The history of Red Deer's
reprinted from Red Deer Express April 18, 2007
One of the most important public buildings in Red
Deer for many years, and an architectural jewel in downtown Red
Deer, is the old Canadian Pacific Railway station.
Situated on the west end of Ross St., Red Deer's main east-west
thoroughfare, the building is a true landmark.
When the Calgary-Edmonton Railway was first built in 1890-1891 and
the townsite of Red Deer was created, the company built a small
railroad station in less than three weeks.
While the structure was improved and expanded over the next 15
years, it was never really adequate for handling the traffic coming
in and out of Red Deer.
In 1907, the C.P.R., which had taken over the operation of the C.&E.
Railway, decided to make Red Deer a major divisional point. An
extensive set of improvements were made to the rail yards. A new
water tower, coal chutes, a large new roundhouse, stockyards and a
steel rail bridge across the Red Deer River were constructed.
As the project came to a climax, the company decided to finish off
with a large, new and very impressive station.
Since the railroad station was the major transportation hub for the
community, the company decided to place it on the end of Ross St.,
so that it would be visible from all points along the main street.
This meant that the old station had to be moved to the south, where
it was re-used as a freight office.
Fredrick Crossley, the C.P.R. architect in Winnipeg was given the
job of drawing the plans for the new building. He decided to pattern
the Red Deer station after the one which had been already built in
The building was to have a central polygonal tower with a conical
roof. The projecting eves of the long low roofline were to be
supported by large brackets. Sandstone lintels and sills were used
around the windows to give the brick structure an even more
The main floor of the building was to consist of a baggage room on
the south end and the Express office on the opposite end. Between
these two rooms was to be a large general waiting room with a
There were to be men's and women's washrooms, with a ladies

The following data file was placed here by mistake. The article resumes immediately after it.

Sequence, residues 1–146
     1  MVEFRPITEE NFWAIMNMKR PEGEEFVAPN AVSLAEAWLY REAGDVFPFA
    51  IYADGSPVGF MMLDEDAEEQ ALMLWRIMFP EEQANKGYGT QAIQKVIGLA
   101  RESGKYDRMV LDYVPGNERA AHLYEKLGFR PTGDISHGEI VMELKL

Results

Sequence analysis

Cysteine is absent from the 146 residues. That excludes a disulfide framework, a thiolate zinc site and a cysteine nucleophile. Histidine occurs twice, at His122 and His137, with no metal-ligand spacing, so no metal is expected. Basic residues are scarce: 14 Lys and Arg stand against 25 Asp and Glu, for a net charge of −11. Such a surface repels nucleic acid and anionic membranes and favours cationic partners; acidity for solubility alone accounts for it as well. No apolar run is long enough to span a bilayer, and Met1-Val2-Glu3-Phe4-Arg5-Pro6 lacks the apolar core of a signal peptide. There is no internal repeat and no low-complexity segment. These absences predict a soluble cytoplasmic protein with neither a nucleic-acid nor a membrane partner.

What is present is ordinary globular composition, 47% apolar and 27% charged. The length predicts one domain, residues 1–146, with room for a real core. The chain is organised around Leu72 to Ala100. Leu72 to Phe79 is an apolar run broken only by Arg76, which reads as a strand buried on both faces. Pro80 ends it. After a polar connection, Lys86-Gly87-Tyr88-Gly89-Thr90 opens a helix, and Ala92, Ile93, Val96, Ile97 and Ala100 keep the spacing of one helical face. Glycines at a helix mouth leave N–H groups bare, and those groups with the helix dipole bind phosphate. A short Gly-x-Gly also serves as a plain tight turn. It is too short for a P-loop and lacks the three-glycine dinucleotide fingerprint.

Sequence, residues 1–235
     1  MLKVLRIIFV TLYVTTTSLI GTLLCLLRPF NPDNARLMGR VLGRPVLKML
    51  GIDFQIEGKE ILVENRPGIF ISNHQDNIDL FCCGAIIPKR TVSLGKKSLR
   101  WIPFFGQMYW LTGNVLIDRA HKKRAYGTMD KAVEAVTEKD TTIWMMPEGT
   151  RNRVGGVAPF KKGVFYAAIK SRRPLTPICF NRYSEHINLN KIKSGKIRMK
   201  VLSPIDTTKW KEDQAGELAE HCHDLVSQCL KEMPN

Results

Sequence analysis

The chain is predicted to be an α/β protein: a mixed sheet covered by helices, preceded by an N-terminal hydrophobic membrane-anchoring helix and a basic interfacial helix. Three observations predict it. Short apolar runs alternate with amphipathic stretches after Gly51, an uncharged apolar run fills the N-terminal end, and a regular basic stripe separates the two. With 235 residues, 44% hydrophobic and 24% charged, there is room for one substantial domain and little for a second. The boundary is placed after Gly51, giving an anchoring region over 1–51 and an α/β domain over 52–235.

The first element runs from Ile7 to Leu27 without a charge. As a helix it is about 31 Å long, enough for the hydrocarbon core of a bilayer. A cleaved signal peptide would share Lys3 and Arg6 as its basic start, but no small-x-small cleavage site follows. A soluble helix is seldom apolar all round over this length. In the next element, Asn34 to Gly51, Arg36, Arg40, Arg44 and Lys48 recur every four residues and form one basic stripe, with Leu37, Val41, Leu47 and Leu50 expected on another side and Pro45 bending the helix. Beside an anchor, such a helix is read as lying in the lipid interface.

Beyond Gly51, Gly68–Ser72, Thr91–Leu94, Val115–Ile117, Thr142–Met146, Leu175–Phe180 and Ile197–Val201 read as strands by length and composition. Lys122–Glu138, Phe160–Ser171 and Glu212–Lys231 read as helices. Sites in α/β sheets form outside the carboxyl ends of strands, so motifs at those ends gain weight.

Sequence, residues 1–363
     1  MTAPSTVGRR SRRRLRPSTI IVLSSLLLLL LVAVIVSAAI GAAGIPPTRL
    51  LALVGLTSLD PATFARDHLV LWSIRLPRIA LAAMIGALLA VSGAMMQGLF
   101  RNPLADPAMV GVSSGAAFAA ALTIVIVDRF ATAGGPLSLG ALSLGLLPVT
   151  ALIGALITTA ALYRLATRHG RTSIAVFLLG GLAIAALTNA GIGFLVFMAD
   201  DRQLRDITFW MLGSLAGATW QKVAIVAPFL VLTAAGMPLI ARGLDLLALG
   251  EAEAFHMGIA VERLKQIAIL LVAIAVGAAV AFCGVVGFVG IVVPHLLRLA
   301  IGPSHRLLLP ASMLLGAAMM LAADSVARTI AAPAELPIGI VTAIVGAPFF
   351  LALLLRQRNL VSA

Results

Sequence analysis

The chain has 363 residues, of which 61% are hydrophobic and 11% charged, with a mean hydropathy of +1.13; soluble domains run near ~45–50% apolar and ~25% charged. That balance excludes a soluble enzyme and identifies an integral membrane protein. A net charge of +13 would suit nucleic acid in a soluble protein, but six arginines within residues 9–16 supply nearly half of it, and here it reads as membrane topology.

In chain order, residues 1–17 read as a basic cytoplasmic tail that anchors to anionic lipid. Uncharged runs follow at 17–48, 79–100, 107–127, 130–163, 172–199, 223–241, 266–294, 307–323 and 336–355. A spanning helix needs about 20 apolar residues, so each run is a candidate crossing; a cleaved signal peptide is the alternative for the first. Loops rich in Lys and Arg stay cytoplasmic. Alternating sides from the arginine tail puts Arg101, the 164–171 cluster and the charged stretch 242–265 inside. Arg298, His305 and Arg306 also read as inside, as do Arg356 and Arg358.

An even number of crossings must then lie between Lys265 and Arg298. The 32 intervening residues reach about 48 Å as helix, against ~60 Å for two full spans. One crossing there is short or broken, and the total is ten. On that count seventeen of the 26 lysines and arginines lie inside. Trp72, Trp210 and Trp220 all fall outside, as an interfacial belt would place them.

"retiring room" and a men's "smoking compartment" between the two
washrooms. The ticket office to be located at the rear sextagonal
There were apartments on the upper floor as many of the train crews
needed a place to stay overnight while the trains were assembled and
disassembled at the divisional point. The furnace and coal storage
area were located in the basement.
Work began on the building in the spring of 1910.
J. McDermid and Company of Winnipeg acted as the general
contractors. As the station was being completed, the Prime Minister
of Canada, Sir Wilfrid Laurier, made an official visit to Red Deer
in August 1910. Pictures of the official party at the station show
that many of the window casings had not been installed yet.
By fall, the station was completed and fully operational. The total
cost of the new building was $34,050, a very impressive sum in a day
when $2 per day was considered a pretty good wage.
Red Deer was very proud of its impressive new station. However, with
the city growing very rapidly, it soon proved to be too small. In
1912, a 20-foot addition was added onto the south end to provide
space for the Dominion Express Office.
As rail passenger traffic declined in the 1970s, the station was
used less and less by the public.
In the late 1980s, work began on moving the rail yards out of the
downtown and relocating them to the west side of the city.
There were serious proposals to demolish the station and to extend
Ross St. westwards over the old station site and to a new bridge
across the Red Deer River.
However, the federal government intervened. The building was
designated under the Heritage Railway Station Protection Act in
1990. It was only one of two railroad stations in Alberta to get the
In May 1991, the station was designated as a municipal heritage
resource by Red Deer City council. The Province of Alberta made it a
Provincial Historic Resource in April 1993.
In 1995, the station was purchased, restored and remodelled into
architect, law and real estate offices. After a number of years of
decline and neglect, the building was restored to its original
CPR Stations built
in Central Alberta page
Station and Transit Heritage Resort page